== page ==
When you visit Turkey you are certain to notice that the men always seem to have a string of beads in their hands.
They come in different lengths and colours, some are plain and simple in design and some more lavish and expensive looking. The one thing they have in common is they appear to be an extension of the hand of those who hold them. But what are they?
Tesbih – Islamic prayer beads.
Many religions including Islam, Christianity, Judaism, Buddhism and Sikhism have traditions of prayer beads, from “mala” for Buddhists to rosaries for Catholics.
In Islam, the “Tesbih”, “Tasbih” or “Misbaha” are used to mark repetitions of prayers or other ritual recitations.
Muslims generally use tesbih with 99 beads, which symbolize the 99 names of Allah, while Buddhists’ mala has 108 beads.
The Tasbih of Fatima is a prayer offered as a gift by the Prophet Muhammad to his daughter Fatima, which is recited as follows: 34 times “Allahu Akbar” (God is the greatest), 33 times “Al-hamdu lilah” (Praise be to God), and 33 times “Subhan Allah” (Glory be to God). This prayer is recited after the daily 5 ritual prayers.
Muslims place their finger and thumb over each bead as they count. If they are using a smaller, nowadays more common, tesbih with 33 beads, they are counted three times over.
Companions that relieve stress
Tesbih, also known as worry beads, are also often used to relieve stress. The way you let the beads slip through your fingers has a rhythmic yet calming effect.
Materials used to make prayer beads vary. They can be crafted from wood, bone, amber, gold, silver or many kinds of precious stones.
According to craftsmen, amber, which is fossilized tree resin, is one of the preferred materials as some believe it has healing properties and people warm to its orange color and soft surface.
If users want to relieve stress, it is recommended to use a “tesbih” made of ebony. Beads made of agarwood are also popular because of its pleasant aroma.
How Tesbih are made
Tesbih beads are made using a small lathe, simple but capable of the extremely fine adjustments required for such tiny objects. These lathes are generally made by the craftsmen themselves.
Each piece of the chosen material is first pierced and then cut into the desired shape: spherical, pyriform, oval, flattened spheres, or faceted.
For a 99-bead tesbih the craftsmen makes 110-120 beads, and then chooses those that match best, saving the remainder for making 33-bead tesbihs.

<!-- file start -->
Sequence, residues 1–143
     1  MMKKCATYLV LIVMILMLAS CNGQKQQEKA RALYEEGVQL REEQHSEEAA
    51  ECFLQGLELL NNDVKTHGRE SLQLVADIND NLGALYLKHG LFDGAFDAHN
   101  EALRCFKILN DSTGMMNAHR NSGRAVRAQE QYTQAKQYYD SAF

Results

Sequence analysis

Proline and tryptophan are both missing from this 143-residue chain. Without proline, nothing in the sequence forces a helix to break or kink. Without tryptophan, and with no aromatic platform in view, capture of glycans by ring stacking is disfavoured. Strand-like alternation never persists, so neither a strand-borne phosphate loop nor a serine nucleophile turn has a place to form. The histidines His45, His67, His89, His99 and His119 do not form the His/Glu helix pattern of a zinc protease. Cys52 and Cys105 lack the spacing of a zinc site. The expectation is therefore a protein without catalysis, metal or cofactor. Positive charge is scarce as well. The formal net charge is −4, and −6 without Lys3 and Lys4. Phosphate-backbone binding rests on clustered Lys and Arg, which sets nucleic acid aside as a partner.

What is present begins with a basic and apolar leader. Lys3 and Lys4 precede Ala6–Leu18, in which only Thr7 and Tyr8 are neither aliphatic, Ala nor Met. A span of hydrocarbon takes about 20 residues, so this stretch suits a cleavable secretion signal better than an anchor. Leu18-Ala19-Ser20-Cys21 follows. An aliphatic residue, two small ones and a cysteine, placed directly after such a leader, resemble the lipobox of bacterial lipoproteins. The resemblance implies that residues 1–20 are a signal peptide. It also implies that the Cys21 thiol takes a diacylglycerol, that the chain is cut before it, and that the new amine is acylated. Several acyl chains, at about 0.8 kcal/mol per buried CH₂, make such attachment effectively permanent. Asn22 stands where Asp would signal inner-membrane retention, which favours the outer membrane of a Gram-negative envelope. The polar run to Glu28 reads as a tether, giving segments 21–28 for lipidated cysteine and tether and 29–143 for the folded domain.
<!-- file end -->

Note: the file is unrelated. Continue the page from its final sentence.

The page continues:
Drilling the holes through them is one of the most difficult parts, the finer the hole, the more skill being required.
Then he makes the other parts: the nisane, a disc which marks each 33 beads, the pul, a tiny bead marking the seventh position, the imame, which is a long piece marking the beginning of the string, and the tepelik at the extremity of the imame.
A small socket is gouged in the imame to conceal the knot of the string. All these pieces must also match.
Although the best tesbih have beads of equal size, some have beads graduated in size, threaded from largest to smallest. In the past they were always strung on silk thread, but today nylon thread dyed to the correct colour is sometimes used instead.
Finally the beads may be fitted with bands, engraved with inscriptions, and otherwise decorated, before being strung together, and a tassel attached.
To complete one hand-made tesbih takes at least three days. It may take months to finish some models.
Tesbih craftsmen will tell you that during this process, their psychology or mood is crucial. The thing that makes them special is their makers’ love and the importance that they put into them.
As the process demands so much patience, the number of craftsmen is less compared to 50 years ago, but many continue to maintain the business preferring the handcrafted tesbih to the cheap plastic versions on sale.
Perhaps surprisingly, some of the most precious tesbihs are the simplest, the least eye catching as the tesbih is not supposed to be used as jewellery but rather as a life companion.
If you’re looking for a meaningful gift for a loved one, why not treat them to a hand crafted tesbih.
Sources: Wikipedia/aa.com.tr/Turkish Cultural Foundation